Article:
Everyday is Like Sunday
Due to Brussels’s role as an administrative and political center, which culminated in 2000 when the Belgian capital became the capital of the European Union, the city has witnessed a dramatic increase of office space over the past 30 years. Today, a large part of this stock is vacant. This phenomenon is especially visible in the plethora of office parks located in proximity to the international airport of Zaventem. We propose that these sites be transformed into affordable live/work spaces. These interventions should be understood as pilot projects that can be realized in different contexts, following three specific criteria.
The first criterion is that the new housing is organized according to principles typical of the union or cooperative; inhabitants would take part in a collective ownership structure. This housing would be withdrawn from the commercial real estate market; the union prevents commercial takeover by ensuring that the housing remains a communal property, and that rents remain stable in the event that the original tenants move out.
The second criterion is the organization of the housing around two spatial conditions: being alone and being together. Individual space is minimized so that one person can live in it comfortably, and collective space is increased to contain those functions usually squeezed into tiny apartments. In this way, domestic labor is exposed and shared by the collective and thus drastically reduced as an individual burden.
The third criterion is to rethink the architecture of the finishings, which has a huge impact on costs in housing. Applying finishings typical of contemporary industrial buildings drastically reduces construction costs, but also enhances the quality of spaces by getting rid of redundant details. The goal is to maintain the zero-degree architecture of the office space. Moreover, industrial materials and solutions like concrete flooring, wooden partitions, and aluminum frames are easier to clean and maintain, and will thus reduce the effort required for maintenance.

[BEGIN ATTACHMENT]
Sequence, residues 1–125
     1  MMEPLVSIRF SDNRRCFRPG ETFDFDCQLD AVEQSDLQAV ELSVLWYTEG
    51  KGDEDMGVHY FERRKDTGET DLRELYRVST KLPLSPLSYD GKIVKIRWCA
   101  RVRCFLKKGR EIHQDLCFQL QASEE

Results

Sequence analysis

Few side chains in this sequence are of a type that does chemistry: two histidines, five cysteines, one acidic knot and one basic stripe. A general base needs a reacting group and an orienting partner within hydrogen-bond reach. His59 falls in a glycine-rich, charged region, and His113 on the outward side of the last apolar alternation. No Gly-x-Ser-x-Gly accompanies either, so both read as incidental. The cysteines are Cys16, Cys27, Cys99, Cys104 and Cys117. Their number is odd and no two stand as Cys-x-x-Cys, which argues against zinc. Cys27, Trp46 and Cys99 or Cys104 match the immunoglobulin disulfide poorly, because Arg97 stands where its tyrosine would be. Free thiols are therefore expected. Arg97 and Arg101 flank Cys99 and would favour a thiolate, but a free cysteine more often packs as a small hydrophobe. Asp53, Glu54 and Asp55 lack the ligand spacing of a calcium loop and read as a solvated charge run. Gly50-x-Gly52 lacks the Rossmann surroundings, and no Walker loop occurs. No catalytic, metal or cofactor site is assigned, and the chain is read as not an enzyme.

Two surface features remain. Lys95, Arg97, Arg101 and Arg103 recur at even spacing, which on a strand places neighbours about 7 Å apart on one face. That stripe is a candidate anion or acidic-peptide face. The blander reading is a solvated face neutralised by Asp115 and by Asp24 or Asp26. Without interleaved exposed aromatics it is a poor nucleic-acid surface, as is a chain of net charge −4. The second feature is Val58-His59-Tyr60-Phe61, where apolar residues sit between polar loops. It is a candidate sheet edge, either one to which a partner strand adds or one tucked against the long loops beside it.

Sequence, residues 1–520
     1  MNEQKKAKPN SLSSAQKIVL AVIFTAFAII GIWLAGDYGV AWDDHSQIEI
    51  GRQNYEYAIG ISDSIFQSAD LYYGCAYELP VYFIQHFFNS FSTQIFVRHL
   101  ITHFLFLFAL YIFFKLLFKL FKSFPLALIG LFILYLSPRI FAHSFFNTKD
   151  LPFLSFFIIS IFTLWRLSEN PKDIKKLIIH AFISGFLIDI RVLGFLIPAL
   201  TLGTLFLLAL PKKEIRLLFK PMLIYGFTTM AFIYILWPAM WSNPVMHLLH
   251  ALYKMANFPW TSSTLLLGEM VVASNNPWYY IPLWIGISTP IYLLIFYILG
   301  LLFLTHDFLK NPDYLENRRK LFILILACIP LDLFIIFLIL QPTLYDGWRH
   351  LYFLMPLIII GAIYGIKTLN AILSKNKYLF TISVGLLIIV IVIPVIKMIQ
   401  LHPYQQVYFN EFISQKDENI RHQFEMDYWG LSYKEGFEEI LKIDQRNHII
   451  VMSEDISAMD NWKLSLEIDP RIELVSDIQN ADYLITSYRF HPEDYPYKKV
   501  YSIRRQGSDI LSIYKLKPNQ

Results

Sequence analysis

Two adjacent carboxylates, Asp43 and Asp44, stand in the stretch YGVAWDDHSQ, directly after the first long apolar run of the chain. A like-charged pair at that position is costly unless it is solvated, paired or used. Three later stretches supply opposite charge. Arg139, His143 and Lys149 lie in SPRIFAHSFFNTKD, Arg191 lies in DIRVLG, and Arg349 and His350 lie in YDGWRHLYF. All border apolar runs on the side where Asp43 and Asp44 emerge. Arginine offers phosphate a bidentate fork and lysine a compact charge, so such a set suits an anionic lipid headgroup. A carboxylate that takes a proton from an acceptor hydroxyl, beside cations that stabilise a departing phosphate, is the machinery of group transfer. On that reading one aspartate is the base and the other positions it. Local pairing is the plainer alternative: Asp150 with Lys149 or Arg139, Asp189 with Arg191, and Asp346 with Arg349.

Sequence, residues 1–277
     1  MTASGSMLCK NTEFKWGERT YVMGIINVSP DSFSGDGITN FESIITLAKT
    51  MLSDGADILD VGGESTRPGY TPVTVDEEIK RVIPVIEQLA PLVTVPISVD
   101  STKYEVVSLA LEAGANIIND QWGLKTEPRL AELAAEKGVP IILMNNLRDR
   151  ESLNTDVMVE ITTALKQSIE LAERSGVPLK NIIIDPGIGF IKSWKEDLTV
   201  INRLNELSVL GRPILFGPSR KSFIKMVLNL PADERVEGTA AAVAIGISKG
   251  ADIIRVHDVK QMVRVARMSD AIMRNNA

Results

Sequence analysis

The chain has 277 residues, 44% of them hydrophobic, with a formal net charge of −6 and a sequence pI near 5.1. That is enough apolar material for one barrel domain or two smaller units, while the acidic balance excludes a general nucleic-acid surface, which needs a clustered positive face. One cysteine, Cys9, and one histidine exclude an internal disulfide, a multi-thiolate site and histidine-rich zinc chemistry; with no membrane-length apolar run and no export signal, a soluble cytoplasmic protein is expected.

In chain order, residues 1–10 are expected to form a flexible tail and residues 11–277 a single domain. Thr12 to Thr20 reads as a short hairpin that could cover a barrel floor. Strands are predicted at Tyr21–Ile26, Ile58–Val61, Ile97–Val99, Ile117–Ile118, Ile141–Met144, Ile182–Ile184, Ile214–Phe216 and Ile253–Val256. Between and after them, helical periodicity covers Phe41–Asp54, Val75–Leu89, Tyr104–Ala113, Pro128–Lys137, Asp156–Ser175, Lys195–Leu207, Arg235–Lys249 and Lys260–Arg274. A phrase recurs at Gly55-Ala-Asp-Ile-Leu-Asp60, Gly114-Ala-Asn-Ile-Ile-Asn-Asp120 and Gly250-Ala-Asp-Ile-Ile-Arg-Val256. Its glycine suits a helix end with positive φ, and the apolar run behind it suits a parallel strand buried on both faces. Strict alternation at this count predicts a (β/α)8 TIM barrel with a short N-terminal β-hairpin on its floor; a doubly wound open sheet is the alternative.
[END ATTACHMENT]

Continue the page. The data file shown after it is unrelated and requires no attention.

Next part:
The office park can be considered the most emblematic form of “pastoral capitalism” that attempted to conceal the pressure of labor within the reassuring image of green landscape. While the office park was considered an attractive workplace in postwar suburban America, its import to Europe, beginning in the late 1970s, has been less successful. Rather than being developed by corporations, office parks in Europe are often initiated by developers as rentable spaces. Frequent turnover of tenants has made European office parks the utmost generic workplace. Often located on the outskirts of cities, they are always strategically connected to major infrastructures. It is precisely the generic character of these workplaces that makes them transformable. In the case of one single building, we propose to first demolish the non-load-bearing walls and the facade. Once the building is stripped of its facade and partitions, a circulation ring is added around the building, on which inhabitable cells are attached. In this way the interior of the office building can be freely organized according to different necessities. The abundance of space that can be found in office parks can benefit material forms of production that require a certain amount of square meters that are often not available within the dense fabric of city centers. Houses can thus be built within office parks either along their perimeters or even within the “parks” themselves, which often consist of abundant and underutilized parking lots. These houses can be conceived as flexible compositions of rooms that can be united into bigger units or remain independent cells. These rooms are no longer “domestic spaces,” but generic inhabitable spaces that can be used as a both houses or workplaces. The principle of “equal rooms” that can eventually be connected to form larger units is a way to counter the functional and gender specificity of domestic space, and to make housing adaptable for forms of life beyond the family. For this reason we aim toward a non-typological housing system in which space is reduced to the bare simplicity of the room, while services are contained within walls.
Everyday is Like Sunday
Project for the transformation of office parks into living and working spaces
Pier Vittorio Aureli and Martino Tattara, with Luciano Aletta, Ophelie Dozat, Hubert Holewik, Ezio Melchiorre and Giovanna Pittalis
The study was conducted within the framework of the BWMSTR LABEL program at the Vlaams Bouwmeester